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Cat- Broken Hip Surgery

post #1 of 7
Thread Starter 
Just got back from the vet and my 1yo cat has a broken hip. Its actually broken right before the ball.....the top of the femur. He said they could do surgery and put in pins....or they could do this other technique where they shave the part ball off. He said there are more problems with the pins, arthirits etc when the cat gets older..and I would have to take her to the city bc they dont do it at their hospital bc its a delicate surgery. He said he has more luck with the second kind of surgery.

Just wondering if anyone has had this kind of surgery on their cats and what the outcome was.....

My dh is furious with me right now bc he never wanted either cat and the surgery is going to be very expensive.
post #2 of 7
I assume he's talking about an excision, basically the ball is removed and a false joint forms. With a cat, this works well and like your vet said, you have a greater chance of issues from the pins as well as a longer more sensitive recovery.
Excision is done on dysplastic dogs with great success provided the dog isn't over 50 lbs (many surgeons will do it to 65 lbs, but these are the dogs where we see significant problems)
When the false joint forms, because it's mostly cartilage, arthritis issues are reduced, as opposed to a pin where 1/10th of a centimetre of misplacement can cause significant irritation.

How did she break her hip??
post #3 of 7
Call me mercenary, but if you're worried about money I'd amputate the leg. Cats have a great recovery rate from rear-leg amputations and they have long, normal lifespans with no issues. One of my childhood barn cats lost a leg at age 1; she went on to have many kittens, was the best mouser of the bunch, and lived to be 15 (for an outside cat, that's a near miracle).

If you do choose the excision, I can offer hope--my parents had a dog (Lab) who shattered her pelvis and both femurs in a horrific car hit at age 2 (yes, shame on them for letting her out, but they learned their lesson). The orthopedists were able to put together the left femur and most of the pelvis, but the right femur was too badly mangled and the socket couldn't be reconstructed. The dog lived to age 9 and ran like the wind and enjoyed a tremendous quality of life with a leg that had zero ball and zero socket. When she was finally put down, it was because the old nerve damage to the pelvis had combined with normal elderly-ness and she became constantly incontinent--there was still very little arthritis and she was still happy and healthy otherwise.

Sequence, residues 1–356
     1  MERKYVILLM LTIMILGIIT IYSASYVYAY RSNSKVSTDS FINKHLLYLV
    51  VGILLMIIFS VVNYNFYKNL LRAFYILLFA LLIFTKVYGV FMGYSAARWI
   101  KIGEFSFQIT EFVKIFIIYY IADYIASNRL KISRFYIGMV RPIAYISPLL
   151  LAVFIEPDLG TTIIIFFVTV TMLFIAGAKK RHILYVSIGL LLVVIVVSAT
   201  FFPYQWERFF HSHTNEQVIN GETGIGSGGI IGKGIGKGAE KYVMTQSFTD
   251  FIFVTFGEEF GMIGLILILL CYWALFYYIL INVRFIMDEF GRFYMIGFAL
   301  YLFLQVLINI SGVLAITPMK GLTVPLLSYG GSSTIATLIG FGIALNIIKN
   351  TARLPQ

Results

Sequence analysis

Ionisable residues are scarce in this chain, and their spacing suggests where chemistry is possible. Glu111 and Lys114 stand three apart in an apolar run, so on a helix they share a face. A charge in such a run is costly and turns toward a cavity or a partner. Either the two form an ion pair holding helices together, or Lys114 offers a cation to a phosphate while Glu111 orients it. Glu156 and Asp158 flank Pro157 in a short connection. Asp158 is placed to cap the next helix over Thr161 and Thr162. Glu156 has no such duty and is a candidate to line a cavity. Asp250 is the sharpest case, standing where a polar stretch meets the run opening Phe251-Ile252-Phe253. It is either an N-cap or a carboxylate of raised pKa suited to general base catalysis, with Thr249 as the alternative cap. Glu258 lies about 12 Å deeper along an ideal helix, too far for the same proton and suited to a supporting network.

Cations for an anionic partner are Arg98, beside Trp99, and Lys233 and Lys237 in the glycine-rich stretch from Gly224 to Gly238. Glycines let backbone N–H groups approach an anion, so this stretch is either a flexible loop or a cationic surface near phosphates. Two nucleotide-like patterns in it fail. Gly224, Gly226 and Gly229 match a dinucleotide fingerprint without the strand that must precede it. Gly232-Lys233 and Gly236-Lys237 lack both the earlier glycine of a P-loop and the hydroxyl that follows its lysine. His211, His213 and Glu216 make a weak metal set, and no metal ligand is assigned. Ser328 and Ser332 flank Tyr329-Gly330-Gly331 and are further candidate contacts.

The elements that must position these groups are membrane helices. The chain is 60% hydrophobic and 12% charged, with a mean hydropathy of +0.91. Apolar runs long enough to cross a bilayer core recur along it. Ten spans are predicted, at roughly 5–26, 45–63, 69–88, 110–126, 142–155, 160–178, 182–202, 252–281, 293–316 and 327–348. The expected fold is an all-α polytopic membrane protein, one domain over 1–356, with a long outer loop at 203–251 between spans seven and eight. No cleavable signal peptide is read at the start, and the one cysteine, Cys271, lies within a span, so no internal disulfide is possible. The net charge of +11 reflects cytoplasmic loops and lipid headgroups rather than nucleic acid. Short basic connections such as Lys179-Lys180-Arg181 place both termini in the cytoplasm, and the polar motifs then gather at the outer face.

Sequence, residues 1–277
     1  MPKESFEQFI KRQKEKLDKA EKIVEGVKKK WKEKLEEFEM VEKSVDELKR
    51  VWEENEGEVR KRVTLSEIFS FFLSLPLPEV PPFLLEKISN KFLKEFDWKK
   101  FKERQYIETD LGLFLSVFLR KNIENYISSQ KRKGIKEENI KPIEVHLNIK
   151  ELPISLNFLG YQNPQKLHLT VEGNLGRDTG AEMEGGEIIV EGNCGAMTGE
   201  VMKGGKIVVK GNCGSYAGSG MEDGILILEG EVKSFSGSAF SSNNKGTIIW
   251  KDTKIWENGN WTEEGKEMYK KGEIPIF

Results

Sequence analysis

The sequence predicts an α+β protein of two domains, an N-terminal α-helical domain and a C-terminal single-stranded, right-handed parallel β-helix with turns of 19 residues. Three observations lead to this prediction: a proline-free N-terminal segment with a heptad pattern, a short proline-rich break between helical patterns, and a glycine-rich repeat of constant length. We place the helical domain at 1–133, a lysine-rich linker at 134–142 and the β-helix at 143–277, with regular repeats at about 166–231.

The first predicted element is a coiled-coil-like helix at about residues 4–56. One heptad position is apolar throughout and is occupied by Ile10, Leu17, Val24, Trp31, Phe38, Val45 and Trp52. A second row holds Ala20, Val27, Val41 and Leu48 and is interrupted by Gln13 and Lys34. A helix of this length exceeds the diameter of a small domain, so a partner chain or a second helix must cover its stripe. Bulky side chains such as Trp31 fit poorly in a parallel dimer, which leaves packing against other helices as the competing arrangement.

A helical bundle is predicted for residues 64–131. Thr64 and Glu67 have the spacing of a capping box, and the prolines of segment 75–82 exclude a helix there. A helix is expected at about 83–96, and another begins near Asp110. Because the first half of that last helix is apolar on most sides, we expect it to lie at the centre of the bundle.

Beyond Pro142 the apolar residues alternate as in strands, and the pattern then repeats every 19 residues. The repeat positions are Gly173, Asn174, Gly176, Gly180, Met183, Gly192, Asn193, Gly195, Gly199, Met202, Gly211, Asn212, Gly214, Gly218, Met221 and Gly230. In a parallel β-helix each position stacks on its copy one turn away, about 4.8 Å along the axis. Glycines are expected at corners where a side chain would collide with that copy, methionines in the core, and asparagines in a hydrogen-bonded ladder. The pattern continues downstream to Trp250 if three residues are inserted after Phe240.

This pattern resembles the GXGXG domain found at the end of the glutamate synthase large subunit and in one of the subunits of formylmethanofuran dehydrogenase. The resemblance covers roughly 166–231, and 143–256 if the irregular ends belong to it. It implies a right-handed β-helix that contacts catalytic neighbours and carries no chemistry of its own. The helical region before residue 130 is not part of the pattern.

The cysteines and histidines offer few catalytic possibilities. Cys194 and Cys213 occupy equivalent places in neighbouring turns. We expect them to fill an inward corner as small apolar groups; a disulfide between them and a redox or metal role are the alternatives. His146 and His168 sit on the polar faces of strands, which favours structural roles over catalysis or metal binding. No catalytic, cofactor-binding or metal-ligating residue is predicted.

post #4 of 7
Thread Starter 
He's an indoor/outdoor cat.......and I came home and he was limping, not putting any weight on his leg whatsoever. So....I dont know how it happened. I imagine if he had gotten hit by a car, there would have been more injuries. My neighbor is home all day and didnt hear anything. Ive watched him climb trees in the back yard......and its very humerous bc he's not that adept at climbing. Once we saw him hanging on a tree limb, his long body just hanging there.......until he let go. It looked like the posters you see of cats...... So he could have just fell wrong. Also, he and my girl cat fight all the time. She cant stand him and he wants to play/torture her.

I never thought about amputation. Ill talk it over with my dh. I feel kinda bad, now that I know about the surgery. We cant really afford it, but feel its just something we need to do of course. Now that I think of it, I dont think I could do it to him.
post #5 of 7
In a young cat I can't see there being much of a cost difference between the excision and an amputation, if anything, having been involved in both surgeries I'd guess the amputation would cost more, there is more involved and more things to be cleaned up.
post #6 of 7
Thread Starter 
dh talked about it this morning. Neither of us could live with amputation, knowing it wasnt necessary. Thanks Shannon for pointing out that there wouldnt be much of a price difference.

Does anyone buy pet insurance? Im considering it.....maybe just for this cat alone bc we have spent hundreds on him. He had an IBS issue as a kitty, and that was a huge expense doing labs to rule out everything else.

Also Shannon.....the vet wanted to keep him on observation for 2days. Do you think one would be sufficient? Just trying to cut a little of the costs, plus, just wondering if its really necessary.
post #7 of 7
Thread Starter 
The other question I had (I just remembered) is I need to buy Frontline or Advantage for my cats. Where is the cheapest place online or elsewhere?

Should I wait till after Strummers surgery to give him this? Im thinking I should bc of the stress already on his body. We have a stick-tight flea problem. But he'll be in the house for the next couple weeks anyway, but both my cats are due.
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